Rewards credit card rates move lower
October 31, 2011
- Average consumer credit card rate, overall market: 16.75 percent
- Average consumer non-rewards credit card rate: 14.88 percent
- Average consumer rewards credit card rate: 17.55 percent
- Average student credit card rate: 16.59 percent
- Average business non-rewards credit card rate: 14.11 percent
- Average business rewards credit card rate: 15.76 percent
The US bank prime rate remained unchanged during the second half of October, at 3.25 percent.
The prime rate is an indication of the general environment for interest rates, but it is far from the only factor determining credit card rates. In fact, one can get an feel for the influence of the prime rate on credit card rates these days from the fact that the prime rate makes up less than 25 percent of the average credit card rate in each category.
In other words, the prime rate is still a factor, but creditworthiness and profit considerations are more of a factor. This is why credit card rates continue to move up and down, despite the fact that the prime rate has been stable for over two and a half years now.
Rewards credit card rates fall slightly
Late October saw the latest example of those changes in credit card rates, as the average for consumer rewards credit cards dropped by 0.08 percent, to 17.55 percent. This was the best example of how the credit card market favored customers in the second half of the month, but the stability in the other credit card category averages was also a plus for those customers, since interest rates generally rose throughout the month.
Across most of the yield curve, from 2-year Treasuries to 30-year Treasuries, interest rates rose through most of October. This could be a reflection of some fresh optimism about the economy - after all, the stock market also rallied during the month - or it could also be an recognition of rising inflation pressures. Either way, rising interest rates should make things more expensive for borrowers, but this was not the case for credit card customers in October.
Consumer credit card rates
The drop in the average rate for consumer rewards credit cards pulled the overall average for consumer credit card rates down by 0.05 percent, to 16.75 percent. The average for consumer non-rewards credit card offers remained unchanged, at 14.88 percent.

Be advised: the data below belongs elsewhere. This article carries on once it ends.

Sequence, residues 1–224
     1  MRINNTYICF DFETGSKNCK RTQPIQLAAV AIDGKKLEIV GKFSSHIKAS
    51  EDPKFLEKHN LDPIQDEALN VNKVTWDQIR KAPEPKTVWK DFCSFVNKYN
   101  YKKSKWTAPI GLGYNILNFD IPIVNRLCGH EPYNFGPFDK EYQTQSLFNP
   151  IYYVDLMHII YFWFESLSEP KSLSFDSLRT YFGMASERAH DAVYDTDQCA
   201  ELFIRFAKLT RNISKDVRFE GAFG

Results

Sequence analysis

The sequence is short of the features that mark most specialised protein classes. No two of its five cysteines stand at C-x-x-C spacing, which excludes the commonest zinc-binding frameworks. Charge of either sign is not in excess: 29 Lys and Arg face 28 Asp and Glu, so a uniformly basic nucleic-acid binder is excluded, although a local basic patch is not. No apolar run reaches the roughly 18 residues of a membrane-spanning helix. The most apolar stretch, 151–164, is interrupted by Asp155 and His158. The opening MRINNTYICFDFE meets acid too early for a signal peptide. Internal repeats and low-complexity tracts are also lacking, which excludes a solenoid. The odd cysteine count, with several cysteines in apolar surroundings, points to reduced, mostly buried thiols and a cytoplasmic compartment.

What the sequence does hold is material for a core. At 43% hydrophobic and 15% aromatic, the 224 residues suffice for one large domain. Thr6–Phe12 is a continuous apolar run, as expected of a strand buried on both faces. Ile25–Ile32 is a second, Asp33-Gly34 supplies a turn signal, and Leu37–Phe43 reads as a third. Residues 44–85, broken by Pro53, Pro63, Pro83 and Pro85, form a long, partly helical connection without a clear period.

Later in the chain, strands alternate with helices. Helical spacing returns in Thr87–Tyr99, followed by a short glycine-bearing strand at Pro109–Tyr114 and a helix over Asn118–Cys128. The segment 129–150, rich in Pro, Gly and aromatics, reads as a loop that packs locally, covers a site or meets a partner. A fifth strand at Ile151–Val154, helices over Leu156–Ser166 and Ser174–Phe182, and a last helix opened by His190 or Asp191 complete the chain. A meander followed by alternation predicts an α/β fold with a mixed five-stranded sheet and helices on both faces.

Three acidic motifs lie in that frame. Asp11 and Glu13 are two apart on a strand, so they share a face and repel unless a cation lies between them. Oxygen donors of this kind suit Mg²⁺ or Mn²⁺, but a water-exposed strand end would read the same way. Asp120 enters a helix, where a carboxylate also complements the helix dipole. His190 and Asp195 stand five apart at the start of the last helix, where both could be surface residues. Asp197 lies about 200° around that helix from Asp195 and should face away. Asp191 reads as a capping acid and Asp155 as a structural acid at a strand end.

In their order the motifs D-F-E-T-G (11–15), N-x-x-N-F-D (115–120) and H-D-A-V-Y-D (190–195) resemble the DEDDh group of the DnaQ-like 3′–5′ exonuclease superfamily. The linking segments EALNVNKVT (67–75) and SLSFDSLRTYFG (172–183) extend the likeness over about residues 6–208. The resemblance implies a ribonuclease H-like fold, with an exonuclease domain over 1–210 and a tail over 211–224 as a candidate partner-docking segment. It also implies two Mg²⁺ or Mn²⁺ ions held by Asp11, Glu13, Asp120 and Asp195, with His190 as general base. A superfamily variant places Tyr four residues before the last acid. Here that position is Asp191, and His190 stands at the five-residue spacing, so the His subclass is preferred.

On paper, having rates for consumer rewards cards drop while rates for non-rewards cards stayed the same should slightly alter the trade-off between higher rates for rewards cards, and the value of the rewards offered by those cards. However, it should be noted that this trade-off is really only relevant for consumers who regularly carry a balance on their credit cards. Consumers who pay their cards off in full every month don't pay any interest, and thus are not affected by the differential between rewards and non-rewards interest rates.
Student credit card rates
Student credit card offers remained unchanged in late October, marking the second full month for which the average rate in this category has been stable, at 16.59 percent.
Business credit card rates
After dropping in the first half of October, business credit card rates remained unchanged in the second half of the month. This left the average for business non-rewards cards at 14.11 percent, and the average for business rewards credit cards at 15.76 percent. As noted in the overview for this update, even holding steady is a victory for customers during a time when interest rates generally were on the rise.
Good credit vs. average credit
The spread between the average rate for consumers with high credit ratings and the average for consumers with mediocre credit compressed slightly, to 4.07 percent. While the implied penalty is lower, it should be noted that 4.07 percent is still a pretty steep price to pay for a lower credit rating.
Credit cards included in survey
In total, IndexCreditCards.com surveys information from some 50 different credit cards, and includes multiple credit-rating tiers from many of those cards. Examples of offers surveyed include American Express, Capital One, Chase, Citi, Discover, and other MasterCard and Visa branded cards. The information compiled not only demonstrates trends in credit card rates over time, but also indicates the different values credit card companies put on different target markets (consumer, business, etc.), as evidenced by the differences between rates for those markets.
Published 10/31/11 (Modified 12/27/11)